There is no justification for requiring Utahns who are down on their luck and need state assistance to take a drug test. That is, unless somebody, such as legislators who passed the new law, believe the old and unproven stereotype of alcoholic, drug-addicted welfare bums.
People seeking cash help from the Temporary Assistance for Needy Families program should only have to prove they are eligible based on need. Many of the beneficiaries are parents whose children need food, shelter and clothing. Getting these parents back to work and making sure their families have basic necessities should be the focus of the program, not screening for substance abuse.
Using figures supplied by Rep. Brad Wilson, R-Kaysville, during the 2012 legislative session to support HB155, about the same percentage of TANF program participants are drug-dependent as in the general U.S. population. Wilson estimated 5 to 10 percent of TANF recipients are drug-dependent, while about 8 percent of Americans use illicit drugs, according to the Substance Abuse and Mental Health Services Administration.
Those who receive other government benefits, including Medicaid, Medicare, Food Stamps and Social Security, don't have to undergo intrusive questioning and testing that Wilson's law requires of those who need help from TANF.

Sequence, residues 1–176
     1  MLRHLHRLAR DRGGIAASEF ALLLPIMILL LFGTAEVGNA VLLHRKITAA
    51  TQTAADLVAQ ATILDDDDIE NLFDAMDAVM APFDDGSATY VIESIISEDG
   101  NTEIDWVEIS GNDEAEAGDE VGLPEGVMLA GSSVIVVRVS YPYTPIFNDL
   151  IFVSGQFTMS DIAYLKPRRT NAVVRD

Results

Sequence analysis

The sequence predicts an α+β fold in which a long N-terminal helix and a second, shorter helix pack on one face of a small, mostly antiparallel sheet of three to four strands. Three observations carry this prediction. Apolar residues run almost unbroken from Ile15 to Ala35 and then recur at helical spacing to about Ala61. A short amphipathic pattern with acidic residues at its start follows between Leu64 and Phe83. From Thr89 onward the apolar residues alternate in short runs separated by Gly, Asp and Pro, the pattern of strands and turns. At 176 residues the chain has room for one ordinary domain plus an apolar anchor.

The law requires first-time or returning TANF clients seeking assistance through the Department of Workforce Services to take an online drug-screening survey to determine whether they are likely to abuse drugs. Those who score high will then be forced to undergo a test. A positive result means applicants will be required to get into drug treatment programs and stay clean or lose benefits.
TANF clients who refuse to take drug tests or who fail the tests and refuse treatment or who get treatment and do not stay clean become ineligible for cash assistance for 90 days upon the first occurrence. A second slip-up during that year, and they would lose benefits for a year. While false positives often occur on drug tests, DWS will only pay for the initial test. If a client believes the results are wrong, he or she will have to pay for a second test and be reimbursed only if the result is negative. And, while Medicaid might help pay for treatment for some, taxpayers could end up holding the bag, adding to drug-treatment costs the state already can't cover.
Michigan and Florida passed similar laws, which both were struck down in court as unconstitutional. Utah's law unfairly targets one group. It was a mistake and should be repealed.